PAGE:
Saturday, January 15, 2011

On Magic Systems, continued

NOTE: I suppose it should have been mentioned, but if you are planning on reading any of Sanderson's books and want to avoid spoilers, you probably shouldn't be reading these posts. You have been warned.

Alright, where did I leave off?

Mistborn Trilogy
Probably the most intriguing of the Mistborn magic systems. Feruchemy involves draining yourself of a certain attribute now (like strength, age, eyesight, or memories) in order to store that much of it in metal jewelry (essentially). Then, when you want to access it again, you can do so and gain a much needed boost to your naturally-endowed abilities.
What I like: Much better cost system than allomancy. I know I talked about how I liked allomancy's clear power source, but there's little actual cost in it. With feruchemy, you're actually investing a part of yourself in the magic. That makes it feel really tangible, and it creates even more precisely-defined limits on the power source.
What's not so great: Lineage. This goes for allomancy as well, in fact. I'm not a big fan of magic systems that are limited by bloodline. Now, they have their place and can be used well (as is the case here), but more often than not, authors limit their magic by lineage for convenience. Do you want only the chosen hero of the land to have magic? Okay, make it limited to his bloodline. Do you want just the king to have magic? Okay, limit it to his bloodline (although then you have some pesky heirs and cousins and distant bastard uncles to deal with, if you're being true to your world). Do you want these five characters to have access to magical powers without any reason or explanation for why or where the magic comes from and do you not want to worry about answer the question "why don't other characters learn the magic to challenge them?" Okay, say it's limited to bloodline.
Again, there are a lot of ways to do this well. But it seems to me that lineage is used more often as a part of lazy world building and storytelling, rather than as a dynamic source of conflict (or plot element) or as a compelling piece of lore enriching the world. So yeah, much as with the whole rant about the Force in Elantris. Feruchemy (and allomancy) loses points for ascribing to the lineage trope (even though it's used well here).
This is the one we know the least about. It's the most "evil" of the three Mistborn magic systems, as it involves shoving metal spikes through sensitive parts of a person's body (often after killing another person, I think). It's a bit unclear, as I recall, what effects hemalurgy creates, but I know it's often related to enhancing allomantic powers. The main purpose of hemalurgy, however, is its use in creating the monstrous servants of the Lord Ruler (the Koloss and the Steel Inquisitors.)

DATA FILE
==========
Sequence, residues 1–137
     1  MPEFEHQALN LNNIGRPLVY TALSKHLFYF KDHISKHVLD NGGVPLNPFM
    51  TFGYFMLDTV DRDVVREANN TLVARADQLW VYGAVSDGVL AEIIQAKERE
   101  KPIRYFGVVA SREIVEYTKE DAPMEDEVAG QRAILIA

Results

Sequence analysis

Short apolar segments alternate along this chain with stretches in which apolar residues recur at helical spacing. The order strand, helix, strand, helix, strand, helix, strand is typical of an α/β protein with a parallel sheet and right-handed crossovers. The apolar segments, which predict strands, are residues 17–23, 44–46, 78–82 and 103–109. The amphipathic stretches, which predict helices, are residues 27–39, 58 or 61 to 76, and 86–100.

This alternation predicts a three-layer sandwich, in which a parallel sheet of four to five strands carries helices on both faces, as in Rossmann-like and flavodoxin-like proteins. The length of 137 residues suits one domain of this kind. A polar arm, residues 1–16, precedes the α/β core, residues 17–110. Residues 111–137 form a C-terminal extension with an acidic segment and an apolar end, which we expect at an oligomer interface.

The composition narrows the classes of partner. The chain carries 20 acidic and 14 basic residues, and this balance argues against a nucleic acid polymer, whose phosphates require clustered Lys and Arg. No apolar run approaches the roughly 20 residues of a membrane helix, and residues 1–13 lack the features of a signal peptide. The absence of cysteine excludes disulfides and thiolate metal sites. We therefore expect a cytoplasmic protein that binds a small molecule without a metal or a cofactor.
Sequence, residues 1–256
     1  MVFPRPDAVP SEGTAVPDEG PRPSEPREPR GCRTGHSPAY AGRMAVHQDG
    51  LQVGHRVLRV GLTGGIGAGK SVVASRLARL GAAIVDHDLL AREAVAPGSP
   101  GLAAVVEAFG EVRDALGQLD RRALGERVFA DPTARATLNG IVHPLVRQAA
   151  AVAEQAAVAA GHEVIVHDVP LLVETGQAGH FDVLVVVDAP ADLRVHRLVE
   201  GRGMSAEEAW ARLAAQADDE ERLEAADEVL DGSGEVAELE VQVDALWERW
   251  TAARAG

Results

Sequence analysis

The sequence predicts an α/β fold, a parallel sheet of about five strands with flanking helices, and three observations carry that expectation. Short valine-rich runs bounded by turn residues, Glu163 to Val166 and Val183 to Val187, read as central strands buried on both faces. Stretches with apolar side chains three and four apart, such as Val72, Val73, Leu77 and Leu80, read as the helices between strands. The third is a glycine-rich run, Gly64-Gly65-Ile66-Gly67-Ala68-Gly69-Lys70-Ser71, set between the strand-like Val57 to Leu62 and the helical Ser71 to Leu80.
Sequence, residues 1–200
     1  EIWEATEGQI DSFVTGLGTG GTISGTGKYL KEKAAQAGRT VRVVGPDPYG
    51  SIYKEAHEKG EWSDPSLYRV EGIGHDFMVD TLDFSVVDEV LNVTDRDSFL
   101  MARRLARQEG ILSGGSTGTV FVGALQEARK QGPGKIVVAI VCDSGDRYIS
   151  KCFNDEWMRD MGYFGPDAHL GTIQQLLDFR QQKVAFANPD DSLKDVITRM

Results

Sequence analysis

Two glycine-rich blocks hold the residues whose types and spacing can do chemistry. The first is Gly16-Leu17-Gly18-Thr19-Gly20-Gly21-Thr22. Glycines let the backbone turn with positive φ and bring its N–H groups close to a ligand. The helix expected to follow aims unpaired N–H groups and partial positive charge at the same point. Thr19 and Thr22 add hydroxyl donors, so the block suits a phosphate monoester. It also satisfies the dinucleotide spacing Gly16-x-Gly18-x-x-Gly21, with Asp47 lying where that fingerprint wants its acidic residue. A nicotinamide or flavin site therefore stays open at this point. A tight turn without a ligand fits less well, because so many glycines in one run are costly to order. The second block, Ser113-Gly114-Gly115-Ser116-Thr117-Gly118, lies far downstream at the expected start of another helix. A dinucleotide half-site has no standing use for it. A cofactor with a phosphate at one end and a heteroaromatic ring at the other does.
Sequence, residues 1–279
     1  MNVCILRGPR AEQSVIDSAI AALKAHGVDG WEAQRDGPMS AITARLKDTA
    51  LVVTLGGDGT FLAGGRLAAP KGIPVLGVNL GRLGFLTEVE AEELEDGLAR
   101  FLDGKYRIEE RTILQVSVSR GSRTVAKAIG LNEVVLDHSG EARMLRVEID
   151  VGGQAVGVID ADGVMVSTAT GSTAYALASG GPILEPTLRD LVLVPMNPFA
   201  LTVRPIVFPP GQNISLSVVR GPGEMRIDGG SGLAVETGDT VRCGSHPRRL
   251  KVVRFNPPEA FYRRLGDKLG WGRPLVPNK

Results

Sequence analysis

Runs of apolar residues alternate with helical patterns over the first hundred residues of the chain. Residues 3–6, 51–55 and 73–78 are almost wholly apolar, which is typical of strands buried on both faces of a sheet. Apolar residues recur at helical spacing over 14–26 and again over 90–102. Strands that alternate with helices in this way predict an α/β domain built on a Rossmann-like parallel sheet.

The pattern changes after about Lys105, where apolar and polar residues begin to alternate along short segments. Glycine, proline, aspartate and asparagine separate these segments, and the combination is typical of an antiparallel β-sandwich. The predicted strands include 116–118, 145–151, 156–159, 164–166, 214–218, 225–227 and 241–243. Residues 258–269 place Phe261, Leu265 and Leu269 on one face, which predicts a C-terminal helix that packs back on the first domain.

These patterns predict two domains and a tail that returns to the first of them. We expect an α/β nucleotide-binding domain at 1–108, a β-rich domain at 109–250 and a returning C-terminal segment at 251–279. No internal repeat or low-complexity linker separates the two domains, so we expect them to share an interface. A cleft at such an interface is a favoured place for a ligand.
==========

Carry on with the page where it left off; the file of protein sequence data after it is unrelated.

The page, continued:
What I like: Mystery. There's really not a whole lot that I can say about hemalurgy, seeing as it's role is mostly in the background of the books, but one advantage that this background role gives this system is it's sense of unease and aura of mystery. You don't even know it exists for the first half of the series, and even once you do learn a few hints of how it works (thus making sense of about half a dozen scenes from earlier in the series)  you are still left wondering as to the specifics. A few details seep out (arriving as they are discovered by our heroes, who are not the type to dabble in this form of magic), but we don't really learn any more than we need to in order to understand the smallest and most specific details of what is going on, rather than the big picture.
And I like this. It doesn't work as well when you try to do this with your main magic system (though there are exceptions, as with anything), but for a tertiary system like this, especially one used primarily by the series' villains, it adds a wonderful sense of the world being bigger than what we see in these few years of it's life. (By the way, this is one of the things that Sanderson does best. He tells a really compelling story from the world's history, but it's very clear by the end of it that you still don't know everything there is to know. Sometimes you aren't even sure if you know the most important things about the world. You just know the things you need to know in order to care about the conflict of the characters you're learning to love. It's both refreshing and infuriating.)
What's not so great: It's really hard to say, quite frankly, as we don't know a whole lot about the system. For that reason, I'm probably just going to leave this one empty for now. If more information about hemalurgy is revealed in later Mistborn books, I may revisit this topic in a later post.

Wrapping things up tomorrow.

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